Because mineral sunscreens sit on top of the skin instead of absorbing it, they're often considered safer than chemical ones because they don't penetrate as deeply into your body. However, the formulations tend to be thicker, leaving a white cast on deeper skin tones. They also wear off quickly and have difficulty blending into the skin. However, these concerns are being addressed in new-age formulations that offer matte and tinted versions of physical sunscreen that have less white cast and give an even toned and smoother skin appearance. 

Ideal situations for using mineral sunscreen

Ideal situations for using mineral sunscreen

Mineral sunscreen, often known as physical sunscreen, is made up of active minerals such as zinc oxide or titanium dioxide. These sunscreens function by forming a physical barrier on the skin that reflects and scatters UV radiation away from the skin. Here are several scenarios where mineral sunscreen is ideal:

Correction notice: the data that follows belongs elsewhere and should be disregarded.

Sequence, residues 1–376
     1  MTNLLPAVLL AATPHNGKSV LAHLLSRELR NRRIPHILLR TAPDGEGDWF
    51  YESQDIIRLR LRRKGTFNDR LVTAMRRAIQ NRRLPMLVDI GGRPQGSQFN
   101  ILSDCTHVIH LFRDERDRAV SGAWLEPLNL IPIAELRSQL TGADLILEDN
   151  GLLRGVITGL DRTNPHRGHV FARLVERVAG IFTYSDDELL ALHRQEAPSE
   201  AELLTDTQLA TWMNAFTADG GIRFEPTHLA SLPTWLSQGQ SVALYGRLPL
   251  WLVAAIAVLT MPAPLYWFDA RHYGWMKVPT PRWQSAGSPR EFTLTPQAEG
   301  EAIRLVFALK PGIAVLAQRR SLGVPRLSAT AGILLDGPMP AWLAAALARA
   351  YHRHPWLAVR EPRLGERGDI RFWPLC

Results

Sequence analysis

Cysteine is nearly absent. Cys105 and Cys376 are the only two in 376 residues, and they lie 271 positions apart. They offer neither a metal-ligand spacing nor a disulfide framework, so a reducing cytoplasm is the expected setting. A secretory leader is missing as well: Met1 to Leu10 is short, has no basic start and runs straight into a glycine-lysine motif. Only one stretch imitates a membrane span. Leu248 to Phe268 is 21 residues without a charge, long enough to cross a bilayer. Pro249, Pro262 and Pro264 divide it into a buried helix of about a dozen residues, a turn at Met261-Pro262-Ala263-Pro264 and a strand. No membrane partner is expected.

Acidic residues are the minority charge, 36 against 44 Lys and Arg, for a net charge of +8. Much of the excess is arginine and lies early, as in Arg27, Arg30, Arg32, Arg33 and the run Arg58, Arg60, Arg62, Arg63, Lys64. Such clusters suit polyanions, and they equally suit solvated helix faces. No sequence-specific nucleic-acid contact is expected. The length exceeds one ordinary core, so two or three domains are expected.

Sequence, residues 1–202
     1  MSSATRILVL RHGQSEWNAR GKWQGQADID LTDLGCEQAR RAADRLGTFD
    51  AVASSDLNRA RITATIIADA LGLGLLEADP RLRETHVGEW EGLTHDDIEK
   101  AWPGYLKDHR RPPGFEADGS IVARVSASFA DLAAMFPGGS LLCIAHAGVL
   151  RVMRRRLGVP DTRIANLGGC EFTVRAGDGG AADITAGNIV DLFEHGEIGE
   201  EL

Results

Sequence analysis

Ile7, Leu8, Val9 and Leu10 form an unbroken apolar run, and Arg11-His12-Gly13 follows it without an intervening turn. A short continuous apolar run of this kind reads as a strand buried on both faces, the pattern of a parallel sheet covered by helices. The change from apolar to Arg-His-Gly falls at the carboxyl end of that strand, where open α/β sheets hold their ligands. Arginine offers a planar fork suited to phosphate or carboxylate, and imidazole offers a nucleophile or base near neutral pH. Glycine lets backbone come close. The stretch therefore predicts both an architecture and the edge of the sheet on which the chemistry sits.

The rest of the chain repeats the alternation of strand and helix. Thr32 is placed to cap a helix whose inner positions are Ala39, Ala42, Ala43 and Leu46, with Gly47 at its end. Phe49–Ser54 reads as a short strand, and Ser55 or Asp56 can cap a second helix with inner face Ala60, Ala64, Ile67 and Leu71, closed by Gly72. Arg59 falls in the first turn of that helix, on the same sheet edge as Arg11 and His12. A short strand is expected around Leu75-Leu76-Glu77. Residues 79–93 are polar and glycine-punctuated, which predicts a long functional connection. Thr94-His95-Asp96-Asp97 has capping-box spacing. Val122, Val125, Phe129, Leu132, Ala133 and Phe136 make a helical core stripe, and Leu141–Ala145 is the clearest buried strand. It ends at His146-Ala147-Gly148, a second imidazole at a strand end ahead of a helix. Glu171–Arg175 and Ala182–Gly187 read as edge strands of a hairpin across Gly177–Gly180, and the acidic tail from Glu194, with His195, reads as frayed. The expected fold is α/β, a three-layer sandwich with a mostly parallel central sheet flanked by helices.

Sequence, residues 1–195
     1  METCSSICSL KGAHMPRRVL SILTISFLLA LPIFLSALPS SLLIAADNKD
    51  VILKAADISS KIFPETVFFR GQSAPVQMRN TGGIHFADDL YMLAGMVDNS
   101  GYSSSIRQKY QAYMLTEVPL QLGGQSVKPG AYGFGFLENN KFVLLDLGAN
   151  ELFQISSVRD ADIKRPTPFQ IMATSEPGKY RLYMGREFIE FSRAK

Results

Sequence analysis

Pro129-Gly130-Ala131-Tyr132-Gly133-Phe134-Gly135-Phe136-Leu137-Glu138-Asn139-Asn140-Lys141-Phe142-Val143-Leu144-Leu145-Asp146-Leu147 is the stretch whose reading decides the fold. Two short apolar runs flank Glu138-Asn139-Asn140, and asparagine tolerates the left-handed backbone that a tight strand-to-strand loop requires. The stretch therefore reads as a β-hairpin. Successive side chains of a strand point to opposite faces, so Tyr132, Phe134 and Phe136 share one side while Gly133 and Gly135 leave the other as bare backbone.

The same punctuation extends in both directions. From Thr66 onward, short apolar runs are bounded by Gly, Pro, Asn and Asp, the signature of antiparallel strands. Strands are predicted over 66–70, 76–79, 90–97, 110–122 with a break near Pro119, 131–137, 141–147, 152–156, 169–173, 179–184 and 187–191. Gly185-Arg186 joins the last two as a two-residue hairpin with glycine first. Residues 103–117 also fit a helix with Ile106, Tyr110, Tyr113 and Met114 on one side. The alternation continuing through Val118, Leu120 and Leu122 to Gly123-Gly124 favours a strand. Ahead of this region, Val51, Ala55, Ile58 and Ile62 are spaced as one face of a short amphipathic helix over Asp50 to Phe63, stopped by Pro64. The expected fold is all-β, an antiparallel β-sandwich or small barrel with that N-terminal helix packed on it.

• Use daily: Mineral sunscreen is appropriate for all skin types, but it is especially recommended for those with reactive or sensitive skin. In comparison to chemical sunscreens, it is gentler and less likely to irritate.

  • Sensitive Skin: Mineral sunscreens' non-irritating and calming qualities may help people with sensitive skin, including those with rosacea or eczema.

  • Children: Due to their typically more sensitive skin and the less irritating nature of the physical barrier that minerals provide, children are frequently advised to wear mineral sunscreens.